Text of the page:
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Deliver First Class Web Sites: 101 Essential Checklists [Paperback]

Shirley Kaiser
5.0 out of 5 stars  See all reviews (1 customer review)
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Book Description

20 July 2006

Deliver First Class Web Sites: 101 Essential Checklistsis the only organized and easy-to-use compilation of guidelines, checklists and tips for building modern, best-practice Websites.

Drawing on dozens of books, studies, and research papers, this book distills not-so-common wisdom into 500 digestible guidelines & checkpoints that can be quickly applied to any Web Development project. Organized by chapter, the guidelines cover everything from color usage & navigation, to accessibility, usability and webpage architecture.

By following all the guidelines, you will develop 100% best-practice Websites, ensuring their projects are built "the right way" from the start. This means the final Website will be:

  • Cross-browser & Cross-platform compatible
  • Easy to update & maintain
  • Usable by even novice Internet Users
  • Accessible to disabled visitors
  • Search-engine friendly

As a bonus, all the checklists are downloadable in PDF format, so you can print them out and use them over and over again in all your Web Development projects.

From the Publisher:

Want to learn how to make your web sites usable and accessible? Want to ensure that your sites meet current best practice, without spending hours trawling through incomprehensible specifications and recommendations from dozens of different books, research papers, and web sites? Want to make sure that the sites you build are "right the first time," requiring no costly redevelopments?

Look no further: Deliver First Class Web Sites: 101 Essential Checklists is a comprehensive coverage of current best practice with over 100 checklists, containing over 500 individual checkpoints that cover areas such as design, usability, project management, SEO and much, much more.

Deliver First Class Web Sites: 101 Essential Checklists is a complete compendium of best practices drawn from the author's own experience and dozens of expert third-party references. It's the ultimate roadmap for web developers, project managers, and anyone involved in the process of building web sites. Each checkpoint is accompanied by an explanation and references as required, making this the most comprehensive and easy-to-understand guide to delivering high quality web sites.

Free access is provided to downloadable PDF versions of the checklists-streamlined to contain the checkpoints only, without explanations or references-for you to print and use in your own web projects.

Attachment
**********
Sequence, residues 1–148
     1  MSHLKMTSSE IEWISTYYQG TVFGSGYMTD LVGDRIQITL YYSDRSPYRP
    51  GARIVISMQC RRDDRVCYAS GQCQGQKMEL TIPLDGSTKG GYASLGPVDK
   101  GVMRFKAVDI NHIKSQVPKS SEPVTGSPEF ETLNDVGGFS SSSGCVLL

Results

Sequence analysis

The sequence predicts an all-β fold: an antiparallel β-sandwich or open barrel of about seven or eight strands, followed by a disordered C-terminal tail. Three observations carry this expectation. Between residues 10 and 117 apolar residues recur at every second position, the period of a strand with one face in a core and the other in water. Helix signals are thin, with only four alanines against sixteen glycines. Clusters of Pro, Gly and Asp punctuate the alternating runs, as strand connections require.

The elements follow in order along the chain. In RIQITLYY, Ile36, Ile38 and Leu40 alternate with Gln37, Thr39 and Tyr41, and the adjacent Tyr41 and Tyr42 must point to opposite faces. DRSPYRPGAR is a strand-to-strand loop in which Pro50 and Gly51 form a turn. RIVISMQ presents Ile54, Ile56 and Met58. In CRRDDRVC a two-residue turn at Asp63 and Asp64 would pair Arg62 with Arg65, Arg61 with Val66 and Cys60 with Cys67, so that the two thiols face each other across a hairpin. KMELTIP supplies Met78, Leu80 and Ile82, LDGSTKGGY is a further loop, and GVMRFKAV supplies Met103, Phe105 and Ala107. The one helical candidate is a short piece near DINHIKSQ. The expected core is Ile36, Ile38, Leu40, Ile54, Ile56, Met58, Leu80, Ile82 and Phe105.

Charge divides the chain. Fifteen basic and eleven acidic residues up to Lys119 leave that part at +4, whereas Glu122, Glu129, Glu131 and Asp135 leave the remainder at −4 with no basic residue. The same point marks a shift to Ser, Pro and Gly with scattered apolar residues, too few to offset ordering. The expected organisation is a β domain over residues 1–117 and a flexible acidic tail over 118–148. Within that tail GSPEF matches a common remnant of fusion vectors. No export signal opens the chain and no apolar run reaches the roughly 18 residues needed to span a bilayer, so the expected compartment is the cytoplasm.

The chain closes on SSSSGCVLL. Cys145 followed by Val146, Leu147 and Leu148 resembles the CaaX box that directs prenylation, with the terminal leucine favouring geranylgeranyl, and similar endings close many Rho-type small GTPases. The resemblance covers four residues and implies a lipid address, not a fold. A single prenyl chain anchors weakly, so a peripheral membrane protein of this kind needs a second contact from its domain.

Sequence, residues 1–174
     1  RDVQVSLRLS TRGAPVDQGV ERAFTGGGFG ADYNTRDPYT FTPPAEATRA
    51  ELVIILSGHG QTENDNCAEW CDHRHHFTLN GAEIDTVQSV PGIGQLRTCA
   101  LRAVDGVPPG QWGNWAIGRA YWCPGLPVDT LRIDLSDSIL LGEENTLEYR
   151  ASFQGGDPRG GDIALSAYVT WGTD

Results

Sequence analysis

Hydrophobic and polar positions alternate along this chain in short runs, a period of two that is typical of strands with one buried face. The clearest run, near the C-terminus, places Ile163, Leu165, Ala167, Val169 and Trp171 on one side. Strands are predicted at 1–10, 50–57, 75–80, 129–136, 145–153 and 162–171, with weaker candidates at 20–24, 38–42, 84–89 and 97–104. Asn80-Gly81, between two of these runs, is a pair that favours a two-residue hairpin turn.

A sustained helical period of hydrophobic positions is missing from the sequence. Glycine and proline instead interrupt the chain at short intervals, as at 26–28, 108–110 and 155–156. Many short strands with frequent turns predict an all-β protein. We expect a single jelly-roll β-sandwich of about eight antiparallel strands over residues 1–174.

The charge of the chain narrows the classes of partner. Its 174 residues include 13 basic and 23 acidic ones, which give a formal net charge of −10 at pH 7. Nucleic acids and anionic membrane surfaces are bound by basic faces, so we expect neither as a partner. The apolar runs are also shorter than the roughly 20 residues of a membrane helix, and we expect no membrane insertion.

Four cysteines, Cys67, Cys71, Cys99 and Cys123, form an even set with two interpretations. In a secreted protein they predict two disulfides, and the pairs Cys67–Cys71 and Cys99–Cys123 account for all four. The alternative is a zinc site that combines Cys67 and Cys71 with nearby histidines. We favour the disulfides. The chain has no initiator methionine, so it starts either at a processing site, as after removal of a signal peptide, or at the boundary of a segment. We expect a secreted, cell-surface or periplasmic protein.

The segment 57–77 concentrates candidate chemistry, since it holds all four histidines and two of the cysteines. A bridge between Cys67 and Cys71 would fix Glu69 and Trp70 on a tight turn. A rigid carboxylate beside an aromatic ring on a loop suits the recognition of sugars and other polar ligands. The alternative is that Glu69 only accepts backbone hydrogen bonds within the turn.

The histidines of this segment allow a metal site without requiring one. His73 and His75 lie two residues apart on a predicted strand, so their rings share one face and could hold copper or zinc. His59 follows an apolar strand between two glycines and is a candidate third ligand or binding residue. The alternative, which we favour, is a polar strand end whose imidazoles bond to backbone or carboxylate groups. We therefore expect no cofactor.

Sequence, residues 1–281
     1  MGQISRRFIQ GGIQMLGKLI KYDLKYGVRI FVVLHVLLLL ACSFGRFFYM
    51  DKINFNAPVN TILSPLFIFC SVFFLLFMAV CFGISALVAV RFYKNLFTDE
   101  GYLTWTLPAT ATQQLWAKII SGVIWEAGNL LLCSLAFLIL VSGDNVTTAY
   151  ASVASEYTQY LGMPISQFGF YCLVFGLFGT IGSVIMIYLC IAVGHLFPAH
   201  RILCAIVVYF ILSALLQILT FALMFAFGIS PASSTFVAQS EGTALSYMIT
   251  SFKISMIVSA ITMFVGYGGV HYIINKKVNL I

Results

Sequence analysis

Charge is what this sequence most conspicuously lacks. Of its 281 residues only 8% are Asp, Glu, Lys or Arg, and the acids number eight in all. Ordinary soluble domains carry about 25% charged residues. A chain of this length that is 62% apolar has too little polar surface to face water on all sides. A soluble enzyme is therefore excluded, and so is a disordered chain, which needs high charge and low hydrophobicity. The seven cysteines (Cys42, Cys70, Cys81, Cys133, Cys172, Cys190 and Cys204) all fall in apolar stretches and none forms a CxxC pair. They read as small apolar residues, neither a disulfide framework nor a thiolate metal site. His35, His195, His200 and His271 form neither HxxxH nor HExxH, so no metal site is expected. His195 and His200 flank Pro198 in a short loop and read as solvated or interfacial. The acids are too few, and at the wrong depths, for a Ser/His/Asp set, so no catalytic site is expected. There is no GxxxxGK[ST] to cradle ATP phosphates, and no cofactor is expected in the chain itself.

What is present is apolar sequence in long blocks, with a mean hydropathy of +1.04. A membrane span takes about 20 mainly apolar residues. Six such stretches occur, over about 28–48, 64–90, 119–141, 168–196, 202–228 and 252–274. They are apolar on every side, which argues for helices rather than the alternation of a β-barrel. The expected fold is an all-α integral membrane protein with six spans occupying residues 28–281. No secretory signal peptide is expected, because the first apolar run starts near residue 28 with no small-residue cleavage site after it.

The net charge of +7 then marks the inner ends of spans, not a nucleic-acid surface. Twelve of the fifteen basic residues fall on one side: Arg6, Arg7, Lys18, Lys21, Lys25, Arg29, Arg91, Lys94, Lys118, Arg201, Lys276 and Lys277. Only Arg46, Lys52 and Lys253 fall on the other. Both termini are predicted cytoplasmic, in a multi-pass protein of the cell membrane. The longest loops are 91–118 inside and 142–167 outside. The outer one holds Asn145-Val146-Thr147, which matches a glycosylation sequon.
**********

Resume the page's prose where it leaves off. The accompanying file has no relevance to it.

Who Should Read This Book?

This book is ideal for anyone involved in the process of building web sites. Whether you're a web developer, a project manager, or you're looking to commission someone to build web sites for you, the information contained in these checklists will prove invaluable. You don't need any technical experience to benefit from this book.

Editorial Reviews

"This book is highly recommended for all web designers and developers. Depending on the level of knowledge that each of us possesses, we may get a lot or a little from this book, but whatever we end up with will have been worth our time and money." - BlogCritics.org

"It neatly consolidates a considerable amount of worthy advice culled from the author's research and decade in the trenches of the Internet." - Slashdot.org

"This is a very useful book for anyone who is planning a new site, managing others who are responsible for building a site, or bringing an older site up to current best practices." - Virgina DeBolt (webteacher.ws)


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Product details

  • Paperback: 352 pages
  • Publisher: SitePoint; 1 edition (20 July 2006)
  • Language: English
  • ISBN-10: 0975841904
  • ISBN-13: 978-0975841907
  • Product Dimensions: 23 x 18 x 2 cm
  • Average Customer Review: 5.0 out of 5 stars  See all reviews (1 customer review)
  • Amazon Bestsellers Rank: 1,146,928 in Books (See Top 100 in Books)
  • See Complete Table of Contents

Customer Reviews

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Most Helpful Customer Reviews
5 of 5 people found the following review helpful
5.0 out of 5 stars Deliver First Class Web Sites 7 Oct 2007
By Tami Brady TOP 500 REVIEWER
Format:Paperback
Deliver First Class Websites is one of hundreds of books on website design. Like the majority of these books (the good ones anyway), Deliver First Class Websites takes the reader step by step through web design from planning and preparing content through design and creating clean code to testing and launching the website. In each section, the author even includes handy checklists so that the web designer can assure that he or she has completed each step in the process.

Although I have read and reviewed countless books on web design, Deliver First Class Websites stood out. Most books of this type approach web design from a purely technological point of view and focus mainly on the code needed to create a good website. I found that this book took a slightly different approach. The goal of a good website as defined by this author was one with good accessibility and flow. Often website designers, and writers of website design books, completely forget that websites are made for people. If these people get frustrated when they can't access information, they will simply leave your site. Thus, good flow and accessibility is vital to a successful website.
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Most Helpful Customer Reviews on Amazon.com (beta)
Amazon.com: 4.1 out of 5 stars  10 reviews
18 of 19 people found the following review helpful
4.0 out of 5 stars Consolidating much of what you know you *should* be doing... 30 Sep 2006
By Thomas Duff - Published on Amazon.com
Format:Paperback
It seems as if there's an ever-expanding lists of "should-do" items when you're doing web design. Shirley Kaiser wrote Deliver First Class Web Sites: 101 Essential Checklists to consolidate all that information into a single spot. Not a bad addition to the bookshelf...

Contents: Let's Get Started - but How?; What to Find Out - Initial Questions to Answer; Preparing Web Site Content; Managing all the Content; Web Site Usability - Focusing on the User; Color; Information Architecture; Navigation; Best Coding Practice - W3C Standards and Recommendations; Creating Accessible Web Sites; Web Site Optimization; Search Engine Optimization; Design; Testing; Preparing for Launch; Post-launch Follow-up; Ecommerce Checklists; Index